Regarding the single login.sql
Yes, SQLPlus and SQLcl use the same SQLPATH environment variable to look for a login.sql.
So, in fact it's hard(er) to *not* use the same login.sql than it is to use the same one.
But the problem is of course: how about stuff in your login.sql that is specific for just one of the tools?
Well, then you will have an errormessage at that point every time you start the other tool.
I (too??) have quite a lot of stuff going on on my login.sql.
Most of which is common for both tools, but some isn't.
Obviously I don't want to have two nearly identical login.sql scripts to avoid a maintenance nightmare, but neither do I want error messages on startup.
So, How do I solve that?
(Note: I'm not saying "how should everybody solve this?")
(Below is for windows, but if you're on Linux, I guess you know how to port this)
First of all:
I have all the 'common' stuff both tools understand and support in a single file called "login_common.sql"
You can place this anywhere you want, let's say I have it in "D:\Scripts\"
Then I create two login.sql files in *separate* directories:
These contain the stuff that is specific for that tool *and* they call the common script.
Example of the login.sql for sqlcl
-- Set some sqlcl specific stuff set sqlformat ansiconsole -- Run the common login script that can be found one level higher @@ ..\login_common.sql -- Set some other sqlcl specific stuff set classic on
Now, the important stuff
I don't run either sqlplus.exe or sql.exe directly.
For both I have a batch-script: sp.bat for sqlplus and sc.bat for sqlcl.
There's a lot of 'fancy' stuff I do in these batch scripts, but for this problem the essence is that the bat-file adds the location of the login.sql for that tool to the SQLPATH environment variable *before* starting the tool.
Since the environment variable is changed within the bat-script the changes will only be available within that bat-script.
So when the bat script is done, you won't be left with a cluttered SQLPATH variable.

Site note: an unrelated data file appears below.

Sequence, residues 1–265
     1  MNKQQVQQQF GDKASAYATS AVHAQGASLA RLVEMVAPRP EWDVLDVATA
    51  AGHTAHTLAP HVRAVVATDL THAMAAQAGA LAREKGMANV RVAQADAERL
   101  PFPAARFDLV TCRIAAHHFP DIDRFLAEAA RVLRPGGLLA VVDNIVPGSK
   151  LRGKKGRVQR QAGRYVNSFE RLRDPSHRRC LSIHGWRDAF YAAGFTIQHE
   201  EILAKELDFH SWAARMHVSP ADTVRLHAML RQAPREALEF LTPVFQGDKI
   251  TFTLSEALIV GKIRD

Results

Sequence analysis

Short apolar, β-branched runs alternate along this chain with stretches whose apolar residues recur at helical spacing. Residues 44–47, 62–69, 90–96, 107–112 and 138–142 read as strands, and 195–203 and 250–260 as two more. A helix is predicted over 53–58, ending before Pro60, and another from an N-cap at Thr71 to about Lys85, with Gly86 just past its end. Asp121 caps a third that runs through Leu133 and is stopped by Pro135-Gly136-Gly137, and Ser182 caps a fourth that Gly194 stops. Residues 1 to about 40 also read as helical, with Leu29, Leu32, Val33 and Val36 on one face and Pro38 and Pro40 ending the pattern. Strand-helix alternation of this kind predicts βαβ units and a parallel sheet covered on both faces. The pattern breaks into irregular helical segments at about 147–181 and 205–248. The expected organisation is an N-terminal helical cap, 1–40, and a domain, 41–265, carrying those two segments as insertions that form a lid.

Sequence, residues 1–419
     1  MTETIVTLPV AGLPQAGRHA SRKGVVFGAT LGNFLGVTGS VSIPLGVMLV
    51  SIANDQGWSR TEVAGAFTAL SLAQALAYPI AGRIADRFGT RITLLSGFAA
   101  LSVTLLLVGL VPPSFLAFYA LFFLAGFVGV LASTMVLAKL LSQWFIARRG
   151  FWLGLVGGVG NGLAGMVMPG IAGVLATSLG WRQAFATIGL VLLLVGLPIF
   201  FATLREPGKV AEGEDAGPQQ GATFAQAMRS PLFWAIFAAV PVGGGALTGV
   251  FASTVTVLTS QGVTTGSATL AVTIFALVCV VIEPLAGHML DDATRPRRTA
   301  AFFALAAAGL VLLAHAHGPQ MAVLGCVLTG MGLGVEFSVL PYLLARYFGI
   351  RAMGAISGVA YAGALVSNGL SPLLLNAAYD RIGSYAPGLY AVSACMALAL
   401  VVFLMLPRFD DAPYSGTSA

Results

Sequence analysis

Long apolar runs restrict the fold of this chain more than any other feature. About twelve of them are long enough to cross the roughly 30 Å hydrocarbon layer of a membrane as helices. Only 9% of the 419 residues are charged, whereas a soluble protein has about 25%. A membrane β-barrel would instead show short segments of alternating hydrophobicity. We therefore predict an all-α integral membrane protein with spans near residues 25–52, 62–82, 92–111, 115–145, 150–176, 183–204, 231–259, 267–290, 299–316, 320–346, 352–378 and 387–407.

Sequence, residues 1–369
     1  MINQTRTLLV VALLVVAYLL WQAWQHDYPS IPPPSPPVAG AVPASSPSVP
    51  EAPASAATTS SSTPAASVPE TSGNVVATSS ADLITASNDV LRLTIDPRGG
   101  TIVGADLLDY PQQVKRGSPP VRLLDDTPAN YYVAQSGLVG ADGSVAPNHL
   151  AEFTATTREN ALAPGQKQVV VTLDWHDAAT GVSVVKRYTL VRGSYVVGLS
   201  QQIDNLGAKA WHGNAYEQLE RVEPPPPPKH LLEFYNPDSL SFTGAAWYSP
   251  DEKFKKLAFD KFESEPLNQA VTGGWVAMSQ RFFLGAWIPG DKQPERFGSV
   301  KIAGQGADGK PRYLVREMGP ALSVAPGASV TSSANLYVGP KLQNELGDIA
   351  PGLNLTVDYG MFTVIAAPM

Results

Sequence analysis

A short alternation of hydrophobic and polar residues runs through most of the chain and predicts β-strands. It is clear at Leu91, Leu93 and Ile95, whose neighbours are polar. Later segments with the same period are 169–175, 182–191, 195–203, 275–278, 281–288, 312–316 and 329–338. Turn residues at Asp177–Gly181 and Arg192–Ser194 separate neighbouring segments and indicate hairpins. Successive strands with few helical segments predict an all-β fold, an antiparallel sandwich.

But by adding the login.sql location the tool is now able to find it's own login.sql and not the other one.
Example SQLPATH environment variable
Example of batch script for sqlcl
@echo off :: Add the location of the tool-specific login.sql to the front of the SQLPATH variable set sqlpath=D:\Scripts\sqlcl;%sqlpath% :: run sqlcl with all parameters passed to the batchfile e:\sqlcl\bin\sql.exe %*
And you should be on your way.
I don't have a solution for your lowercase problem, other than:
Don't do it this way.
The things you use to set your sqlprompt (if this is what you do, and not just a simplified version of it) can all be retrieved using sys_context.
so if you do, for example:
set termout off column current_user noprint new_value var_usr column con_name noprint new_value var_prmt select lower(sys_context('userenv', 'current_user')) current_user , lower(sys_context('userenv', 'con_name') ) con_name from dual ; set termout on set sqlprompt '&var_usr@&var_prmt> '
Then it should work, and you can do whatever you want to the strings inside the sql.
Don't forget to turn termout off when doing the sql statement.
In sqlplus the noprint will prevent the result of the query to be put on screen.
But although sqlcl knows that "noprint" is correct syntax (so it doen't show an error) it will just ignore it and put the query result to screen ( Grrrrr )
Wow very good explanation and thank you for all the details.
I'm trying to test variable values outside sys_context but it somehow wasn't working.
I like your idea to use sys_context value and keep it simple, will surely test this further and try to implement it.
1. Is there a difference in how we get variable value for SQL&Plus and SQLcl?
whatever I did with my login.sql for SQLcl was not displaying variable values.
Marking your answer as correct without any doubt.
Thank you and much appreciated.
C:\>set SQLPATH=c:\users\Gaz C:\>type %SQLPATH%\login.sql col _user new_value _user set termout off feedback off verify off select lower('&_user') "_USER" from dual; set sqlprompt '&_user.@&_connect_identifier.:SQL> ' C:\>sql gaz/gaz@//localhost/xepdb1 SQLcl: Release 18.1 Production on Tue Aug 04 03:24:08 2020 Copyright (c) 1982, 2020, Oracle. All rights reserved. Last Successful login time: Tue Aug 04 2020 03:24:11 +10:00 Connected to: Oracle Database 18c Express Edition Release 188.8.131.52.0 - Production gaz@//localhost/xepdb1:SQL> exit Disconnected from Oracle Database 18c Express Edition Release 184.108.40.206.0 - Production C:\>sqlplus gaz/gaz@//localhost/xepdb1 SQL*Plus: Release 220.127.116.11.0 - Production on Tue Aug 4 03:24:23 2020 Version 18.104.22.168.0 Copyright (c) 1982, 2019, Oracle. All rights reserved. Last Successful login time: Tue Aug 04 2020 03:24:11 +10:00 Connected to: Oracle Database 18c Express Edition Release 22.214.171.124.0 - Production Version 126.96.36.199.0 gaz@//localhost/xepdb1:SQL> exit Disconnected from Oracle Database 18c Express Edition Release 188.8.131.52.0 - Production Version 184.108.40.206.0 C:\>